Just as On Walden Pond seems reading material more befitting of the sparse campsite than it does the well-appointed drawing-room under electric lights, Call of the Wild seemed an appropriate choice out here in Caprock Canyons where the unmistakable, sometimes lonely, sometimes spooky, and sometimes downright viscerally-scary cry of coyotes punctuate the dark.
Although, even though it's blasphemous to say so, like Hemingway, who I find a far too-much-in-your-face writer that painstakingly details every last aspect of a scene until there's no room left for the reader to flesh out the experience with his/her own life-observations and emotions, and who also made it overtly obvious at times that he was getting paid by the word and obsessed with getting as many of them in there as he could, I don't find London to be all that great a writer.
True, like Hemingway, London often documented manly adventures about places and circumstances that the public was hungry to read about under the safety of their own chair-side lamp, but I never have been able to come to a truce with London's weird sense of word-usage and syntax that, for me anyway, does nothing more than get in the way of the narrative.
I understand struggling through the old-English of Shakespeare. That's just how people talked in his day so of course that's how he wrote, but what excuse does London have for sentence structures such as "The residence changed into approached by graveled driveways" or "Buck had conventional the rope with quiet dignity"? This is the turn of the 20th century and the writings of his contemporaries, as well as the letters and journals of the day, don't exhibit this sort of twisted word usage and nonsensical syntax, so what was his deal?
On the one hand London could make himself very clear in plain, ordinary English, such as when making speeches during his active Socialist period:
"Why should there be one empty belly in all the world, when the work of ten men can feed a hundred? What if my brother be not so strong as I? He has not sinned. Wherefore should he hunger—he and his sinless little ones?"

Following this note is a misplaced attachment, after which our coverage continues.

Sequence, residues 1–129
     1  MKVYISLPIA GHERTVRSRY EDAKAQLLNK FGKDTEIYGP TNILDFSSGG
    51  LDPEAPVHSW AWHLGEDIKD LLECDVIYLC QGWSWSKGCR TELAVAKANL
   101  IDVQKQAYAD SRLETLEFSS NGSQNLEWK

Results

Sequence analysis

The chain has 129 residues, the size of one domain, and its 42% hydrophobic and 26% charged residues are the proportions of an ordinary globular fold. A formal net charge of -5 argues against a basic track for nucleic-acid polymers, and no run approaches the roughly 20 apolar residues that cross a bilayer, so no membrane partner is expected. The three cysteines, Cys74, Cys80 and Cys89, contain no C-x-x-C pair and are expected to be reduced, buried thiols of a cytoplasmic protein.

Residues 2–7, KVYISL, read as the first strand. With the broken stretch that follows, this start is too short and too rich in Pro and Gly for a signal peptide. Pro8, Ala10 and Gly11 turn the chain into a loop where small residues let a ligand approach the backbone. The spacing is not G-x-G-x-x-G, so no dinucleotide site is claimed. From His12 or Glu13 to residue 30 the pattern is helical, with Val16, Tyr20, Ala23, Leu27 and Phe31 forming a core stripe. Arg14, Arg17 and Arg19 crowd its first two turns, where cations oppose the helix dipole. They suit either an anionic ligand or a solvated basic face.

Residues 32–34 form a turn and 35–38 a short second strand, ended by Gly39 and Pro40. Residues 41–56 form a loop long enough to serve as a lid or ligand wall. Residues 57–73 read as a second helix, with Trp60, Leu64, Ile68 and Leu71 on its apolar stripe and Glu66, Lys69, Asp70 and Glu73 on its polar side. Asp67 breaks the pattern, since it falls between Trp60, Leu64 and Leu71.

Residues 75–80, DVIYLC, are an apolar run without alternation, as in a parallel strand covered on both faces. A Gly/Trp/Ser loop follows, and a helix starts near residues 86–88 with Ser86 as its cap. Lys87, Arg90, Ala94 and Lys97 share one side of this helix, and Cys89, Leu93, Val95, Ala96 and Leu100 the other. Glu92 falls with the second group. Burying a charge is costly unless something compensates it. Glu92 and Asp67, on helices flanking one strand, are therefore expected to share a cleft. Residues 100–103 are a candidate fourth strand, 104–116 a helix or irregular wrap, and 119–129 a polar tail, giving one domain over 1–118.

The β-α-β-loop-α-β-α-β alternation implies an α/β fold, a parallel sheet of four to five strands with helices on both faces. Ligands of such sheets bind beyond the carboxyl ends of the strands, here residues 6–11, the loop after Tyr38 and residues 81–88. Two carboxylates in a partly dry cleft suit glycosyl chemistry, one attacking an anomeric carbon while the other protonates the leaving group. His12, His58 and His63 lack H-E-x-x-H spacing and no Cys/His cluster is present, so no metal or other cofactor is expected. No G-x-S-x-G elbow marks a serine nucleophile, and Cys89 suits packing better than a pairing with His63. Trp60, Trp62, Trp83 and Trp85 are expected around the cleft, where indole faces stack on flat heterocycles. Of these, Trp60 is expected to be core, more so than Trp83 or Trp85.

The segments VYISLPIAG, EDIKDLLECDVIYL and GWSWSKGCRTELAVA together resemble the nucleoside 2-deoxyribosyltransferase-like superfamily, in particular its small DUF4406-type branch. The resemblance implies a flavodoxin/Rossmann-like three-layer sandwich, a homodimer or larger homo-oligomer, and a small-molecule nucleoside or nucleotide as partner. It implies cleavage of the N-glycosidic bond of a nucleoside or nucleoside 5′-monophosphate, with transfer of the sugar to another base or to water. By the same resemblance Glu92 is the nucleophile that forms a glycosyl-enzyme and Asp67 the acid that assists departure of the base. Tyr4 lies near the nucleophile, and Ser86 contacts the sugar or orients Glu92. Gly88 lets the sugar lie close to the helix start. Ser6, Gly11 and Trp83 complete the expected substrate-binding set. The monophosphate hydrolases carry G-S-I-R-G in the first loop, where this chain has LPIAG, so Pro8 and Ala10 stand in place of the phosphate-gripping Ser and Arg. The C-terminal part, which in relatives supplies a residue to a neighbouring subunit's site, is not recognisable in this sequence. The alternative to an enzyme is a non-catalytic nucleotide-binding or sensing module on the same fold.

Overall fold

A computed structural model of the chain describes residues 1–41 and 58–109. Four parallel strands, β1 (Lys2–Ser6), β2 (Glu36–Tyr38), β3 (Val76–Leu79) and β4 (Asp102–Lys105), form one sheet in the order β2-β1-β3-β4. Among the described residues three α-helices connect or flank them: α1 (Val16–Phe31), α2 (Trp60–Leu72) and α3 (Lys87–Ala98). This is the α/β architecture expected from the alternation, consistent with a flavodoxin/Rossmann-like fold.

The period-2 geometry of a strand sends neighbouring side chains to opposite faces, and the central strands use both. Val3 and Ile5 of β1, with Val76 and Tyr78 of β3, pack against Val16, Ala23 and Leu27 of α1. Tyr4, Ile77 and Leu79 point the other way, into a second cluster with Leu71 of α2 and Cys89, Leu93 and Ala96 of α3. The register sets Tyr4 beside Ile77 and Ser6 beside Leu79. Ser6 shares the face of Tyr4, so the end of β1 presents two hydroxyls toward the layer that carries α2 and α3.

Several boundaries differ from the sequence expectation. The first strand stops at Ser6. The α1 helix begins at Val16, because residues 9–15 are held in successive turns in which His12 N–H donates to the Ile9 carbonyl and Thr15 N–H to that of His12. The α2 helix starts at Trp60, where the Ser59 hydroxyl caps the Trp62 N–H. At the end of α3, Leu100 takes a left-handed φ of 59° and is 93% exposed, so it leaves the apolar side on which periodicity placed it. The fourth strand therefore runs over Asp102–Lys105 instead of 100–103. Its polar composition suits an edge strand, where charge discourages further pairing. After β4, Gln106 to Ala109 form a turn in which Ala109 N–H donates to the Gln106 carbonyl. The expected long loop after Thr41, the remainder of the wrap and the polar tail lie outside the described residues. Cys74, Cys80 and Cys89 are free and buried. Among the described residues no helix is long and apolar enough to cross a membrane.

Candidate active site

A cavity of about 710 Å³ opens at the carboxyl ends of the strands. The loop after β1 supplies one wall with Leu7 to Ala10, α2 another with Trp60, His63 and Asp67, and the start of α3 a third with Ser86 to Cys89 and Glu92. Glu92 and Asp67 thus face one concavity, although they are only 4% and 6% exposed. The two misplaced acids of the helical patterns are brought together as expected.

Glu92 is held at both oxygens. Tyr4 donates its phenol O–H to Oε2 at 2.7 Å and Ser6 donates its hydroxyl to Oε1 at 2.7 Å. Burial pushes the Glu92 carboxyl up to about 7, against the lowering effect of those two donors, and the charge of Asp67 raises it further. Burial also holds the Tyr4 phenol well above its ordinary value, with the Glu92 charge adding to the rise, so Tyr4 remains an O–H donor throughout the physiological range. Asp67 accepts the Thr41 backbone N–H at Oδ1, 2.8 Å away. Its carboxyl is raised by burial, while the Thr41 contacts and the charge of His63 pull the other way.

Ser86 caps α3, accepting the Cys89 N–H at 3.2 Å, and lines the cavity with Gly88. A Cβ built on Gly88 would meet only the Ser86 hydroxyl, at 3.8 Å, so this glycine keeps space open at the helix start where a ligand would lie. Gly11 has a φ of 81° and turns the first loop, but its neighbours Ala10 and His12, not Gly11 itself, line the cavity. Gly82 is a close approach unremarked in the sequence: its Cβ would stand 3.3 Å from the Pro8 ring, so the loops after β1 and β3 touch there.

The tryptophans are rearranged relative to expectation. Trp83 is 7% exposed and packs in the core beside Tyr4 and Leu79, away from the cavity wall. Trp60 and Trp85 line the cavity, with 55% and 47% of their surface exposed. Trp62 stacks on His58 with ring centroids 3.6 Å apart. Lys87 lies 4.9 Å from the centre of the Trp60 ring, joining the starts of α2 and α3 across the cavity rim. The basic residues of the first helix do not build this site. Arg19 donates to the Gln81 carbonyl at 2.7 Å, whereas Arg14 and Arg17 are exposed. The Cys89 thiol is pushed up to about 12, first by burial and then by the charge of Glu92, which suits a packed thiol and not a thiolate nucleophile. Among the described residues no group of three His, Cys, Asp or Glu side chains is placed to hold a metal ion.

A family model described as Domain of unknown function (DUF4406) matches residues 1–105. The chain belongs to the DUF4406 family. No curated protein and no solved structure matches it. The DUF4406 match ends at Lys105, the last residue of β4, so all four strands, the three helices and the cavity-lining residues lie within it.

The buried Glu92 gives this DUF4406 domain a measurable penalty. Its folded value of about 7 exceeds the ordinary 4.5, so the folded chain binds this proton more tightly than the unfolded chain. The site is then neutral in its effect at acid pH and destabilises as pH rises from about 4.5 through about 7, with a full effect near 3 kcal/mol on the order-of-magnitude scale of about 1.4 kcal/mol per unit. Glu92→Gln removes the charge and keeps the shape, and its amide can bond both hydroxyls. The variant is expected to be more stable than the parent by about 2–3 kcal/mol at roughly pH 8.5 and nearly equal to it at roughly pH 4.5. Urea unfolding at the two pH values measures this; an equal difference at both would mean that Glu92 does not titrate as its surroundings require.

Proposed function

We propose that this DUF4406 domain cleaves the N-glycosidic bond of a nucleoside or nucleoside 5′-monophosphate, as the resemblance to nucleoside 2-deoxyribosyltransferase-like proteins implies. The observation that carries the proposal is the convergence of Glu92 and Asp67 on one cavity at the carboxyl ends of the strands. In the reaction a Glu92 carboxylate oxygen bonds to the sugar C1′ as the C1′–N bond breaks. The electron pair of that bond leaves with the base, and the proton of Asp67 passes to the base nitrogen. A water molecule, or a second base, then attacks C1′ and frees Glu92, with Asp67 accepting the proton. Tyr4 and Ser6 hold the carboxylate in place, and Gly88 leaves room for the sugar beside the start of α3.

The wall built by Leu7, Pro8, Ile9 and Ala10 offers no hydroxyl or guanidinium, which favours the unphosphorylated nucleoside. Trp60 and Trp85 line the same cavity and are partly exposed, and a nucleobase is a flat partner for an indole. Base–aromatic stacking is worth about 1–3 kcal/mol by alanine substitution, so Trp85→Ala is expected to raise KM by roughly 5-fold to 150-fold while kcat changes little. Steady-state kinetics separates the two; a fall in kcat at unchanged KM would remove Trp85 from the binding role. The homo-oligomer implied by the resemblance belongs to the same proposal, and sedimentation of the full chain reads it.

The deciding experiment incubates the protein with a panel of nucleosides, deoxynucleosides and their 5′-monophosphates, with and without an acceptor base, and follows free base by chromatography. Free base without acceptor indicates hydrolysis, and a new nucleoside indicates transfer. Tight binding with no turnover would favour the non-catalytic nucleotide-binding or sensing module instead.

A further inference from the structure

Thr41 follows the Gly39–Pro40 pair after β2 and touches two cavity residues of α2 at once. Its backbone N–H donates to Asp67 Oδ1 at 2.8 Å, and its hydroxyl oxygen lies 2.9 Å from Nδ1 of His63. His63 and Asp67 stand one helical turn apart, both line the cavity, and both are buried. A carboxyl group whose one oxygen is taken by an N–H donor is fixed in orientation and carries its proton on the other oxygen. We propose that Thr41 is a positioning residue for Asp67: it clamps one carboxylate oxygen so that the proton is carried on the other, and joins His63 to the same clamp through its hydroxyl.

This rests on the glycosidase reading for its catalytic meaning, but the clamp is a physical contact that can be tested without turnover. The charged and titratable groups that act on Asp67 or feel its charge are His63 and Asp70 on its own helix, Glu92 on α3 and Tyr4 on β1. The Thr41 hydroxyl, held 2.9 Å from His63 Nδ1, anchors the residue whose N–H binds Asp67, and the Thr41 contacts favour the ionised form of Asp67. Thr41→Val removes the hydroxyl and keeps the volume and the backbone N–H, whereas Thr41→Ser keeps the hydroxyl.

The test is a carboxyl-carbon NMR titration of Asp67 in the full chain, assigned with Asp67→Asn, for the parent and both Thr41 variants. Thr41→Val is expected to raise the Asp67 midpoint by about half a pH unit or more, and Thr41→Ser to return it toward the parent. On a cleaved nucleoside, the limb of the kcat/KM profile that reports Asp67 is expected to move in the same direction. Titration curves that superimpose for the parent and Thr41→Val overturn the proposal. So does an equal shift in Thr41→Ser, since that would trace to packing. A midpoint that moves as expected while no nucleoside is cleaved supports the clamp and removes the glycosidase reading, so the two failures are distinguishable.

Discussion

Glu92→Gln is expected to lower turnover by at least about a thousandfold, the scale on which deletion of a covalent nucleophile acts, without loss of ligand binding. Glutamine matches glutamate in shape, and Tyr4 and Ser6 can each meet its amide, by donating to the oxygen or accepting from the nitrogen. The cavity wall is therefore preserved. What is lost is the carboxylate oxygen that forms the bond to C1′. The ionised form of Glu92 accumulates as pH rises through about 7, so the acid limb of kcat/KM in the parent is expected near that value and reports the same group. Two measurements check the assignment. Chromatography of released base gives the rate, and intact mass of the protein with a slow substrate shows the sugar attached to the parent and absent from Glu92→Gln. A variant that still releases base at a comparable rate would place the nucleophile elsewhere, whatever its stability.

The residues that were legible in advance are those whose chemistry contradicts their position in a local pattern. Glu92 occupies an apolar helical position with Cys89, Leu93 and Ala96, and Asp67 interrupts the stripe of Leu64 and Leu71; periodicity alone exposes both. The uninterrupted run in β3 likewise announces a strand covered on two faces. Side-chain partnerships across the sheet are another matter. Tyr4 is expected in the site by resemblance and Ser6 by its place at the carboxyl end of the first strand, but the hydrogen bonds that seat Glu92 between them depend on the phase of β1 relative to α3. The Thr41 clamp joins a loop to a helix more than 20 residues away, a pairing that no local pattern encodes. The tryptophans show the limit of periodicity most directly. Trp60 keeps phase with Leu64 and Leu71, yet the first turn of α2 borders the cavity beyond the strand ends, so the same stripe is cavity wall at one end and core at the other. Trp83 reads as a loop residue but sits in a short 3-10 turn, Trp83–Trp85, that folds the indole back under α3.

(His socialist period officially ended when he started buying up ranch-lands and complaining about the lack of ambition of the waged workers.)
On the other hand, for some reason while writing for publication he regularly wanders in and out of a tortured use of words that requires the reader to stop, go back, and attempt to decipher what the hell he's talking about! While other times writing beautifully clear and evocative sentences. And yet others penning plain crap.
Sometimes all in one passage.
For instance, Buck, the canine protagonist in Call of the Wild, has come across a rabbit and does what you would expect of a hungry dog in the wild coming across a rabbit, but London starts this passage with:
"He became up a snowshoe rabbit"
Which at first seems somehow a little pornographic, until you stop the narrative to get your head wrapped around just what the hell he meant!
Then two sentences later, the beautifully written:
"He lay down low to the race, whining eagerly"
Which immediately throws me into exactly what Buck is doing and feeling as if I was right there with him.
Yet then he turns right around and ends the passage with this weak and highly disappointing line:
"It shrieked as loudly as a bothered guy may shriek."
OK, What guy, bothered or not, shrieks? I'm not saying London was a lazy writer but there must be hundreds of other, more appropriate and accurate and emotive, ways to describe the dying protest of that rabbit. - OK, so yeah, I guess I am saying he could be a lazy writer.
And a sloppy one too, as, after I point out that he may have been the original 'texter' since he never wrote out 'feet', using 'ft' instead, I leave you with one last complaint about this near-sainted icon of our American heritage.
London couldn't seem to keep pounds and kilos on their own sides of the aisle. He often used one then switched to the other within the same paragraph. At times Buck is a solid 120 pound canine, but in the space of a few sentences he more than doubles to an improbably massive 120 kilo monster. The same with 100 pound sacks of flour that swell a few words later to 100 kilos. Or overloaded sleds that weigh 1000 pounds one moment and an improbable 1000 kilos the next.
But enough bellyaching.
I'm getting back to the story of Buck's conversion from a sophisticated California house-dog, an overgrown lap-dog, into a master of the savage northern wilderness, as I sit here, raw and unprotected, under the light of a near-full moon (a distinct advantage of reading on the Kindle app is that I can turn the background black and dim the white text to preserve night-vision.) as the occasional lonely call of a coyote fills the air around me then then slowly fades as echoes retreat up the dark reaches of the canyon.